The end of volatility? Gold at a bottom?
I'm in New Orleans today to take part in the New Orleans Investment Conference. I’ll be co-hosting a workshop with colleague, friend, and founder of Outsider Club Nick Hodge.
As I walk around and observe the early crowd, two things stand out.
There’s a cautiousness about the latest pullback in the gold price. The kind of cautiousness that gets shaken out of great positions at the first sign of a further drop in the price of gold. A drop that I believe we will see within these next two months.
The early crowd at a session about investing in real estate as a hedge against uncertain monetary policy is a good indicator that people are starting to pay attention to the possibility that all is not well behind the curtain.
Stocks are near all-time highs once again, the dollar is surging higher as well, volatility is non-existent, and gold appears to be bottoming.
So is volatility a thing of the past and is it time to go all in on gold? No.
The failure of the Fed to increase rates in September had the effect I thought it would have, it made the Fed predictable.
Markets have raised the implied probability of Fed action in December to almost 75%. Despite the expectation that the Fed will raise in December and dollar highs that we haven't seen in over nine months, stocks continue to flirt with all-time highs.
This is a trend that will continue as central banks look for creative ways to allocate capital in assets that have a chance of providing a positive return.
The result of central bank interference and a market that knows exactly what to expect from the Fed is a low in volatility that hasn't been seen in nearly two years.
Pick an asset class. Metals, stocks, bonds; it doesn’t matter. They’re trading as if we lived in a world where growth expectations were being met, wealth inequality was non-existent, and our political leaders were a who’s who of best possible outcome.
A recent Bloomberg article showed Bank of America Merrill Lynch’s GFSI Market Risk Index, a measure of future price swings implied by options trading on global equities, interest rates, currencies, and commodities, has fallen for five straight days, the longest such streak since May. It now sits at the lowest level since December 2014.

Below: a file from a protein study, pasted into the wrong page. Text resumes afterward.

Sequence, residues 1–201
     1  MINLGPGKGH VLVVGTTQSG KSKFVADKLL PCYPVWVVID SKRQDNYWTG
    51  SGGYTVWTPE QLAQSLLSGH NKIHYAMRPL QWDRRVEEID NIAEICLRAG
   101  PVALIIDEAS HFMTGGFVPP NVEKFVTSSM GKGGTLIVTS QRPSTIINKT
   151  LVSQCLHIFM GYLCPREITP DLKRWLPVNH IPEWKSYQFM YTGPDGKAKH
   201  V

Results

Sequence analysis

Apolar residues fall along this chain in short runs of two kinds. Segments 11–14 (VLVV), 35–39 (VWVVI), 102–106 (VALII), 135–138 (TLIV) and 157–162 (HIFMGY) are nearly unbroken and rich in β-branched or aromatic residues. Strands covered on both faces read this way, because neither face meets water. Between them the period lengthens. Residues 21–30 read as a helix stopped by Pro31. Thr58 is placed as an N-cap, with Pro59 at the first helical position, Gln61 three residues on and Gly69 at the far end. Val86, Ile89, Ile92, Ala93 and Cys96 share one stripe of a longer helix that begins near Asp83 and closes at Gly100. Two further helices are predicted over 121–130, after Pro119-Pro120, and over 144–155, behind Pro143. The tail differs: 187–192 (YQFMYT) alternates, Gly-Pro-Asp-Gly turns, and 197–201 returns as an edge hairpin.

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Treasuries? Same thing. The Merrill Lynch Option Volatility Estimate, a gauge of expected price swings in the government-issued securities, is at a level it hasn’t seen in two years.
In a world where central banks artificially prop up assets and manipulate volatility, how will gold react in the near term?
A few weeks back, days before the latest drop in the gold price, I wrote that if gold can’t break out it will break down. Corrections rarely happen in isolation.
Gold tends to go up in the final quarter of the year in India due to Hindu festivals such as Diwali, Dussehra, and the start of the wedding season.
This year however, I see the combination of a Fed rate hike, a stock market nearing all-time highs, and a stronger dollar that will put too much pressure on the gold price.
You’ve heard me say it, but it’s important so I’ll say it again: The opportunity this pullback is presenting is a contrarian’s dream.
The only reason to not take advantage of the pullback to add the best names, at attractive entry points, is if you don’t believe we are in the early stages of a gold bull market.
If that’s the case, you will be buying those same names at much higher prices. The gold bull market will happen with or without you.
The lack of volatility in the markets, stock market highs, and stronger dollar are all partly due to central bank interference. What happens when people realize the central banks lose control? Where does all the capital that will rush out of the treasury market go?
These are the main trends to get right in 2017: Higher U.S. stock market, volatility, higher gold, and the beginning of a spectacular year in the best juniors.
One of my recent picks is up 63% in just over two months. This during the pullback in the price of gold, yet despite doing well, over half of the portfolio is now back under the buy-under prices.
In the words of Rick Rule, “you’re either a contrarian or a victim.”
In order to buy low and sell high, it’s important to get the buy low part of that equation correct. Sounds easy, right?
On a personal note. Go Cubs Go!
To your wealth,
Gerardo Del Real
Editor, Resource Stock Digest Premium
For the past decade, Gerardo Del Real has worked behind-the-scenes providing research, due diligence and advice to large institutional players, fund managers, newsletter writers and some of the most active high net worth investors in the resource space. Now, he is bringing his extensive experience to the public through Outsider Club and Resource Stock Digest Premium. For more about Gerardo, check out his editor page.